Poor diabetes control increases the risk of further health complications and cost burdens for patients and providers. Resource-limited and minority populations are at higher risk due to a variety of social determinants of health such as poverty, illiteracy and a lack of access to medications and quality healthcare. In 2021, NYC Health + Hospitals/Elmhurst identified that its diabetes patients with a poor HgbA1c control rate were struggling to control it using standard education and medication treatment.
The majority of Elmhurst’s basic educational materials reflected the standard Western diet and were written at an advanced literacy level. Patients had difficulty understanding the material after leaving the clinic and were uninterested in adopting a Western diet. In response, Elmhurst created teaching materials written at a lower literacy level and translated them into its patients’ preferred languages (Bengali, Spanish, Nepali). The hospital also provided alternative nutritional suggestions that complemented foods within patients’ cultures.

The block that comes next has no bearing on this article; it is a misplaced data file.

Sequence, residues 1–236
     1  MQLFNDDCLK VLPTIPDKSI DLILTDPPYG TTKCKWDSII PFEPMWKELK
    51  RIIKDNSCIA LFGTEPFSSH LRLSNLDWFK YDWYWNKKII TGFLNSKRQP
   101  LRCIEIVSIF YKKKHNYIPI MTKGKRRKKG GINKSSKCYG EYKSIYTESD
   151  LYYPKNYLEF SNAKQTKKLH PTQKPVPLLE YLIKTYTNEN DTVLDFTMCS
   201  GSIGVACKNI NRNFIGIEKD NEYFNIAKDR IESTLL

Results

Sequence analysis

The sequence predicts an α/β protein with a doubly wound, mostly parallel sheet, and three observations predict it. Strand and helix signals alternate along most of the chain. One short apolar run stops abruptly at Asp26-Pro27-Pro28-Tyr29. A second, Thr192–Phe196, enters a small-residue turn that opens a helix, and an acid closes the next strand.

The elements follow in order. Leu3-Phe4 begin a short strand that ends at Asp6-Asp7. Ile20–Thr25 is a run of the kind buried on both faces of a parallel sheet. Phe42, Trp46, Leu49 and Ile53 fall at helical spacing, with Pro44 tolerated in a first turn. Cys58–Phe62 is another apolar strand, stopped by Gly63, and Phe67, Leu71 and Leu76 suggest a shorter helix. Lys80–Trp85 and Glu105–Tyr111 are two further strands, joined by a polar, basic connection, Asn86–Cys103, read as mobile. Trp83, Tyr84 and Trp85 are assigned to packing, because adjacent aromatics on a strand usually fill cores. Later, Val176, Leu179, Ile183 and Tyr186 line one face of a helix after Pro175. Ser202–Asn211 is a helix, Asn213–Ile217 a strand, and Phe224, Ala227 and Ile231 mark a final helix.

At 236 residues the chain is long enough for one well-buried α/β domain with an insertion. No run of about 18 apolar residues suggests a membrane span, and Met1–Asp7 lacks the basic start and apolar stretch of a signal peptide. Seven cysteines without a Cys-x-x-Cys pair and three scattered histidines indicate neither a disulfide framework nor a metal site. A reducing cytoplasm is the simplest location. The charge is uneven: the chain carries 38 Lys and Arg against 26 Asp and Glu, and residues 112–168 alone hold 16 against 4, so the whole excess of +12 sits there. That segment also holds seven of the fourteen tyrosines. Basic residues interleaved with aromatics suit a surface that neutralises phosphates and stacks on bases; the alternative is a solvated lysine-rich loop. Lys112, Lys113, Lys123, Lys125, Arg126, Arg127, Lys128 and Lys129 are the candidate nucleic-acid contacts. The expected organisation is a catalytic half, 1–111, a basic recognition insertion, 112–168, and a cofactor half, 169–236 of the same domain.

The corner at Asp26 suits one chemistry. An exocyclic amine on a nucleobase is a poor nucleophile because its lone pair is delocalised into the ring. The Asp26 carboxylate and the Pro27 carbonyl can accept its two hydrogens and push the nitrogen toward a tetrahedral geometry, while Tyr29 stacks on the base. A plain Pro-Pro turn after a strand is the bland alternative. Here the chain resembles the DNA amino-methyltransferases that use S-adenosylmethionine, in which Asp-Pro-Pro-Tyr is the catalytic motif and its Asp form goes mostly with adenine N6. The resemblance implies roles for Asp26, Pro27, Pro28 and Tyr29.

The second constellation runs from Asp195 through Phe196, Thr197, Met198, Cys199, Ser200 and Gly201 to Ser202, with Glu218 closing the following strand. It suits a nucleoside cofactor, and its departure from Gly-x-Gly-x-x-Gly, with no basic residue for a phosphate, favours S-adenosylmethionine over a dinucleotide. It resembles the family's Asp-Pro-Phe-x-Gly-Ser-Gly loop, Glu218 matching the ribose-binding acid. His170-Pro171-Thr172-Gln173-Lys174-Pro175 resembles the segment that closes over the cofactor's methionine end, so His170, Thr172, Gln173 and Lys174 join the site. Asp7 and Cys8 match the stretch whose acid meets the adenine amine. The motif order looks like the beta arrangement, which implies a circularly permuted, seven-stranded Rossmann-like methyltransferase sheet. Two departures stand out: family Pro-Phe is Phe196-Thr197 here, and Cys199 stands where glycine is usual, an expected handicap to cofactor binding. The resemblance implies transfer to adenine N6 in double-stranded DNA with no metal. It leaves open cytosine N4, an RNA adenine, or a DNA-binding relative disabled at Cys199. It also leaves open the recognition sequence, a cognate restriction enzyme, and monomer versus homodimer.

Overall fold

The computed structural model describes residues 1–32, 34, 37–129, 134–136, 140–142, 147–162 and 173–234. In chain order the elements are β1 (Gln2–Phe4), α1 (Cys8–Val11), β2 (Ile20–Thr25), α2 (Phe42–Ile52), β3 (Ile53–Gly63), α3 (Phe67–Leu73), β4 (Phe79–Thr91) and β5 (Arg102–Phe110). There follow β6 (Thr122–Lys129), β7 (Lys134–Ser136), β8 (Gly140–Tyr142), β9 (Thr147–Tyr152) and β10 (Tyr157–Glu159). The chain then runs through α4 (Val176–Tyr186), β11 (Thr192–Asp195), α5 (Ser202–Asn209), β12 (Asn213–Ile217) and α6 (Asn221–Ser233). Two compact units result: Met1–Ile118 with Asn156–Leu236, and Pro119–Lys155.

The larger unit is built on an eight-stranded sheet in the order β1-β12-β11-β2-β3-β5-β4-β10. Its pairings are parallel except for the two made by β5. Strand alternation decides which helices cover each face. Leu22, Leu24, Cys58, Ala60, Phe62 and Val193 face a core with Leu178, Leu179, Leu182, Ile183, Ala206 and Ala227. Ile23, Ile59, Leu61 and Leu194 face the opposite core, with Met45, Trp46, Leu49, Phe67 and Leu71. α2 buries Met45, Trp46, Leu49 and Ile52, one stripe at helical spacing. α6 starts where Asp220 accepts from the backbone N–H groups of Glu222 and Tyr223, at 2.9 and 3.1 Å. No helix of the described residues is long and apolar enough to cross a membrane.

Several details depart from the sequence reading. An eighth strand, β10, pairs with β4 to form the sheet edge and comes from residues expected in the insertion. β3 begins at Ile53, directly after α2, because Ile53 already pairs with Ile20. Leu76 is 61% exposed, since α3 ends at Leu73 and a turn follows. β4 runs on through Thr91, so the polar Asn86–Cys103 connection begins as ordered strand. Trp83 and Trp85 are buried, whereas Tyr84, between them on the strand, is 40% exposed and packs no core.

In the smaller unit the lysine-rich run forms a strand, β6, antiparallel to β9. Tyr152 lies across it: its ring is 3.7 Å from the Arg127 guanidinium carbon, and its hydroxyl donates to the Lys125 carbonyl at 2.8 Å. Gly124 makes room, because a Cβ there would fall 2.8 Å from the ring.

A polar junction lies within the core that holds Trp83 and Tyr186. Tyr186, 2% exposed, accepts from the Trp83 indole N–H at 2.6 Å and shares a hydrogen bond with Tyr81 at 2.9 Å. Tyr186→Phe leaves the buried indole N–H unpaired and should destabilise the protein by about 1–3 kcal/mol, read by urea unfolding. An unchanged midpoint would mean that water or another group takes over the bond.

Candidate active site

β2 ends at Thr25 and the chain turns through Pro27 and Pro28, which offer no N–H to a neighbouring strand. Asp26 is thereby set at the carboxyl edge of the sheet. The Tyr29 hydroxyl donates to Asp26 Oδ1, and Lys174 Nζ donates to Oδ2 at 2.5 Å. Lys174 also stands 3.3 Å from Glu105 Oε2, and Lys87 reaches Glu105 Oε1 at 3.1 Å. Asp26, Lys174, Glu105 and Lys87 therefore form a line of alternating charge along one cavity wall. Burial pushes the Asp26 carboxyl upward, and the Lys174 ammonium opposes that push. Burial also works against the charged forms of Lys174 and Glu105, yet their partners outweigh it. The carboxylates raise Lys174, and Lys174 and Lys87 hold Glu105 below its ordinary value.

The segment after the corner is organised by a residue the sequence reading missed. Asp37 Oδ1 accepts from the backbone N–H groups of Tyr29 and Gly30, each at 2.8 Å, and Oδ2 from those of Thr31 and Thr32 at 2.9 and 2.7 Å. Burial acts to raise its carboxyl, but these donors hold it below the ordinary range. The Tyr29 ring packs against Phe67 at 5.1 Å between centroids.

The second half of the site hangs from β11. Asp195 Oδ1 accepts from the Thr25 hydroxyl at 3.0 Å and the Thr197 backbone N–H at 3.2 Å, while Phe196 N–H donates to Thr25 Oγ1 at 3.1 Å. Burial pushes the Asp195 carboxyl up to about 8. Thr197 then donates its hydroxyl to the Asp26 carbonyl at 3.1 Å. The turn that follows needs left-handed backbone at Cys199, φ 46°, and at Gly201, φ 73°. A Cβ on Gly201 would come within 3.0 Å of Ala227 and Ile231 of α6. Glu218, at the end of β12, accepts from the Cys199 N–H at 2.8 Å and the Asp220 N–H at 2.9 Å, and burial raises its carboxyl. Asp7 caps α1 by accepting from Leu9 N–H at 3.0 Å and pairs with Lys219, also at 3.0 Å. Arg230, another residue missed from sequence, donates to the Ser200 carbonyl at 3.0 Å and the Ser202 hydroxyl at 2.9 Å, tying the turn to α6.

This initiative supports the New York State Prevention Agenda priority area for preventing chronic disease; specifically, decreasing the percentage of adults with diabetes whose most recent HgbA1c level indicated poor control.
The hospital found that working with patients and family members on education and nutritional adjustments made it easier for patients to follow the appropriate nutritional guidance while maintaining a satisfying cultural diet. Partnering with the city and local organizations to promote healthy eating options and access to food was key. Elmhurst’s collaborative care for diabetes continues to connect patients with food pantries and other local organizations that provide access to healthy foods.
For diabetic patients who need to get into or stay in control of their disease, Elmhurst hired clinical pharmacists and community health workers to further improvements, such as medication adjustments, navigating social determinant gaps and supporting patients with food insecurities.
As of December 2021, Elmhurst’s adult primary care diabetic population had a diabetes control rate of 67% (A1C<8%), an improvement of more than 11% from March 2021’s baseline of 56%. Insurance-based inequity was reduced from a 4% control rate gap in March 2021 to a 2% control rate gap in December 2021.
For more information, contact Michelle Lam, associate director, at 718.334.3603 or email@example.com.